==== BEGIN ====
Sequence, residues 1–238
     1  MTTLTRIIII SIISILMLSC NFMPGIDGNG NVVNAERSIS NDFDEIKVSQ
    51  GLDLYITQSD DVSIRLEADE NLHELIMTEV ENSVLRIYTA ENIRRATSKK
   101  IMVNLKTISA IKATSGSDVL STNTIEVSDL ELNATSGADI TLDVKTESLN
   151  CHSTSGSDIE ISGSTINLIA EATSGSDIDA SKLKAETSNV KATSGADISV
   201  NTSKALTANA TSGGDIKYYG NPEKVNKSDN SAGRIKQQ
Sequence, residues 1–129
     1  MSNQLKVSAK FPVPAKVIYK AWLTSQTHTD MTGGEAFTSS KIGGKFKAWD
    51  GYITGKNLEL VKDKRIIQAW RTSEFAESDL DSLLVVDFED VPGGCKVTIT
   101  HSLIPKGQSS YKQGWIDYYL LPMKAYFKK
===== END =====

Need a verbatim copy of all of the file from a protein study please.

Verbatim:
Sequence, residues 1–238
     1  MTTLTRIIII SIISILMLSC NFMPGIDGNG NVVNAERSIS NDFDEIKVSQ
    51  GLDLYITQSD DVSIRLEADE NLHELIMTEV ENSVLRIYTA ENIRRATSKK
   101  IMVNLKTISA IKATSGSDVL STNTIEVSDL ELNATSGADI TLDVKTESLN
   151  CHSTSGSDIE ISGSTINLIA EATSGSDIDA SKLKAETSNV KATSGADISV
   201  NTSKALTANA TSGGDIKYYG NPEKVNKSDN SAGRIKQQ
Sequence, residues 1–129
     1  MSNQLKVSAK FPVPAKVIYK AWLTSQTHTD MTGGEAFTSS KIGGKFKAWD
    51  GYITGKNLEL VKDKRIIQAW RTSEFAESDL DSLLVVDFED VPGGCKVTIT
   101  HSLIPKGQSS YKQGWIDYYL LPMKAYFKK